It’s a bad time for consumers looking to buy a used car.
Prices for used vehicles have skyrocketed over the past two years, with consumers shelling out an average of $10,046 more than they would under normal market conditions, according to a new analysis conducted by CoPilot, an online car-shopping app.
The average listing for a used vehicle climbed to $33,341 in June, a 0.5% increase from the previous month. That is just $200 below a previous peak recorded in March. If depreciation forecasts are accurate, the average price for a used vehicle would actually be around $23,295.
“Despite economic headwinds caused by inflation, interest rates and fuel prices, the continued inventory shortage in the new market as well as strong consumer demand are driving overall used car prices to near-record highs,” CoPilot wrote in a blog post on its ” Return to Normal” index.
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Used car and truck prices have been a major component of scorching-hot inflation, with prices up 7.1% from the previous year, according to the most recent consumer price index from the Labor Department. Prices in June — after briefly declining in April and moderating in May — surged again, jumping 2.2% on a monthly basis.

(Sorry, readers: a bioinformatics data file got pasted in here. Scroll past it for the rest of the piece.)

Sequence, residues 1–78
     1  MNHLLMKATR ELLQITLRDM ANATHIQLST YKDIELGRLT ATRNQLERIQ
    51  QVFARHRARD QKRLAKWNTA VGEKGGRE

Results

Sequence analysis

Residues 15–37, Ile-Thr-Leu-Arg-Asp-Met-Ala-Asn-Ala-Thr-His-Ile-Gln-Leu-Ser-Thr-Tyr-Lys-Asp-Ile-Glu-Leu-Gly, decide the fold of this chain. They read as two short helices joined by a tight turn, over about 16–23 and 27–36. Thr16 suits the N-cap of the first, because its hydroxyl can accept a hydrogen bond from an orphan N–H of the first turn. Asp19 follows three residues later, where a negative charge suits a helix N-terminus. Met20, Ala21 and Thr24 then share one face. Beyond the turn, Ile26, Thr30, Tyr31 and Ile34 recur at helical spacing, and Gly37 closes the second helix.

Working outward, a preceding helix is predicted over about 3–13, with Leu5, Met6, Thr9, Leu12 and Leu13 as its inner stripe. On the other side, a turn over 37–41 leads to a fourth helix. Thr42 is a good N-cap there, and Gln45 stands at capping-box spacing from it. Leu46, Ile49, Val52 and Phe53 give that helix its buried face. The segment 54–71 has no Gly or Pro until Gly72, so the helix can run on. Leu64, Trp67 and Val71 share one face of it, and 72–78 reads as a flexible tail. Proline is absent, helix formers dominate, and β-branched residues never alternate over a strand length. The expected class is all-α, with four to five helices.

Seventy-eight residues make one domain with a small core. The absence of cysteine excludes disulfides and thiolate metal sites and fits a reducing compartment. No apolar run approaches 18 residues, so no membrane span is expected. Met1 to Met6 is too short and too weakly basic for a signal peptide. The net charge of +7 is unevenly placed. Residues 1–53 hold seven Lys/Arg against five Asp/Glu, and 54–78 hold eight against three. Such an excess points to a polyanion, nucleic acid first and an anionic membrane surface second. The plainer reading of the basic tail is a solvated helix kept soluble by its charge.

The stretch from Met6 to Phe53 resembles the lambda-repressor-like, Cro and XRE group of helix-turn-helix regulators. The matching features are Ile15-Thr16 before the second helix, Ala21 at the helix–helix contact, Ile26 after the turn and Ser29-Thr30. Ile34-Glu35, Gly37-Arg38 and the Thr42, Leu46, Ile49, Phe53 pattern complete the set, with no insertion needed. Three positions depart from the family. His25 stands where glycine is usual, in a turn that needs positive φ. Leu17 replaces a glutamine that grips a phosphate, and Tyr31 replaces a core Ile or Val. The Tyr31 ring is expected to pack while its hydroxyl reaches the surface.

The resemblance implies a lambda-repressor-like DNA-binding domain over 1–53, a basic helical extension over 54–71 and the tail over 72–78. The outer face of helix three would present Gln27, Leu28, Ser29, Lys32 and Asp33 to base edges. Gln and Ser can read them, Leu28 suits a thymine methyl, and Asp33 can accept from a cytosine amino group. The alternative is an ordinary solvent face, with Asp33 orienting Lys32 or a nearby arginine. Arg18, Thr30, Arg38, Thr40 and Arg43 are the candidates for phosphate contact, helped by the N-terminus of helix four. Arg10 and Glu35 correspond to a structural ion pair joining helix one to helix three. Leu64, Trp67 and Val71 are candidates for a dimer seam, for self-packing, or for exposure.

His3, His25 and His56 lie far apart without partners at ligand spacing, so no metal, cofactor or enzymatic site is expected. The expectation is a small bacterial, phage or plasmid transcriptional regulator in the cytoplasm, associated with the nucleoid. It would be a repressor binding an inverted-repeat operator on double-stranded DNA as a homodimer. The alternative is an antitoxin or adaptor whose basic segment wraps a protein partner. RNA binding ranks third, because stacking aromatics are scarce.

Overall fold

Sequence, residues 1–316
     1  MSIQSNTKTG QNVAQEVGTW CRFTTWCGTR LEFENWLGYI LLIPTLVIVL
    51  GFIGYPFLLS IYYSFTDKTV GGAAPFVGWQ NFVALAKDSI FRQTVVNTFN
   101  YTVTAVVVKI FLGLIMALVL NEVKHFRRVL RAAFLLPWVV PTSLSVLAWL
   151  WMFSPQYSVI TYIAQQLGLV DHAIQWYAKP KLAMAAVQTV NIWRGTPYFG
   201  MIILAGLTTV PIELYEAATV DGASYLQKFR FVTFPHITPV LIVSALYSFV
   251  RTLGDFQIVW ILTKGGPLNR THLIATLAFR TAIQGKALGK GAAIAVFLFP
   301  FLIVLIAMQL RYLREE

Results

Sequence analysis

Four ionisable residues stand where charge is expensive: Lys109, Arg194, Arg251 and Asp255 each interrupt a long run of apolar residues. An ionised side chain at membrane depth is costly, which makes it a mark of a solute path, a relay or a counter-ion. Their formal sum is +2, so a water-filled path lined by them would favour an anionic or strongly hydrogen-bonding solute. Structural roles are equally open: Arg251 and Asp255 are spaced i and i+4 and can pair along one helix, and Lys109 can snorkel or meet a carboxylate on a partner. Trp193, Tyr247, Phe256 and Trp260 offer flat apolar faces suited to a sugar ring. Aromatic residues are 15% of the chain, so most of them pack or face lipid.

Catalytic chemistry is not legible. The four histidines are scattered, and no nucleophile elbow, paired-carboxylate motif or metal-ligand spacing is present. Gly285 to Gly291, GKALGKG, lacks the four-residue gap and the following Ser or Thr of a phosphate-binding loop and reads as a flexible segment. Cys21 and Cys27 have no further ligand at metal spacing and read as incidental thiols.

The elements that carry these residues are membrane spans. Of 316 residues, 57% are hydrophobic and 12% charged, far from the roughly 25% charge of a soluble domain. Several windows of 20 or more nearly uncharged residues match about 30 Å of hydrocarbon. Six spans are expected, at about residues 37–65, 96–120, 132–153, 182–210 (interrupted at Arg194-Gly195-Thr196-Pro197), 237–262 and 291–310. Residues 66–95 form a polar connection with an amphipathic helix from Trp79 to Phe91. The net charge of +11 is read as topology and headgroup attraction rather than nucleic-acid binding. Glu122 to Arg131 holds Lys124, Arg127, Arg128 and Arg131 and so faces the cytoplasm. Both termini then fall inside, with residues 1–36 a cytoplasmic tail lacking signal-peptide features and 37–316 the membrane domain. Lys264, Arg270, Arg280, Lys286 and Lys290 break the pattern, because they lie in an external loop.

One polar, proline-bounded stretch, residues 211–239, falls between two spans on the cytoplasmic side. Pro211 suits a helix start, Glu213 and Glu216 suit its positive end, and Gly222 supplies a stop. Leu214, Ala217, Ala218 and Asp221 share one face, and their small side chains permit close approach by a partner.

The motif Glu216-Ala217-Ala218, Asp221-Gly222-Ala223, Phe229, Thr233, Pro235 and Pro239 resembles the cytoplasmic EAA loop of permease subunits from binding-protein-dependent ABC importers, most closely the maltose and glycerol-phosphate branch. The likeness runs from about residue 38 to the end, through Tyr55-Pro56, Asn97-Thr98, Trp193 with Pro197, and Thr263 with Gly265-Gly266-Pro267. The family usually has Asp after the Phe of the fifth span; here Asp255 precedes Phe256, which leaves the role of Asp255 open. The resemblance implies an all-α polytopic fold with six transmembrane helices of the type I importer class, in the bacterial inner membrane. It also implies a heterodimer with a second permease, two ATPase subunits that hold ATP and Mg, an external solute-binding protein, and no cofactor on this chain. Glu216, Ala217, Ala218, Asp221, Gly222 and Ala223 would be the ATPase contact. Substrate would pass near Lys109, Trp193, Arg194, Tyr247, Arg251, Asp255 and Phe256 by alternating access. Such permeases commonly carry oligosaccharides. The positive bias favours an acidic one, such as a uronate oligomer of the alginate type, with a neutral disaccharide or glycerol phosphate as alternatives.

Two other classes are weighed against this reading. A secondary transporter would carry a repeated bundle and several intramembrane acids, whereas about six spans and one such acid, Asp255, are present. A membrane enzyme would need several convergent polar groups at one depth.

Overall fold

Prices for used and new vehicles have climbed as a result of a semiconductor shortage as well as other COVID-19-induced disruptions in the global supply chain. Although there are fewer cars being produced, consumer demand has remained strong, driving prices higher.
The trend is particularly evident in “nearly new” cars that are between 1 and 3 years old. In June, these types of vehicles were listed at an average price of $42,314, an all-time high. That is 1% higher than the increase recorded in May and about 45% – or roughly $13,145 – above projected normal levels.
In general, the older a vehicle is, the closer its price is to “normal” levels, although CoPilot notes that “all still have a long way to go.”
The list of pre-owned cars that are between 4 and 7 years old is about $29,841, an increase of 0.5% from May and 42% above projected normal levels.
By comparison, the value of older vehicles that are between 8 and 13 years old actually declined in June on a monthly basis, with the average cost around $18,038. That is still 43% above projected normal levels.
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“Demand for used vehicles remains very strong, especially for newer and more expensive vehicles,” the analysis said. “This allows dealers to keep closing deals well above projected normal prices. This trend is driven by the shortage of new cars, by the desire by dealers to hold out for profits while they can, and by a sufficient backlog of confident buyers.”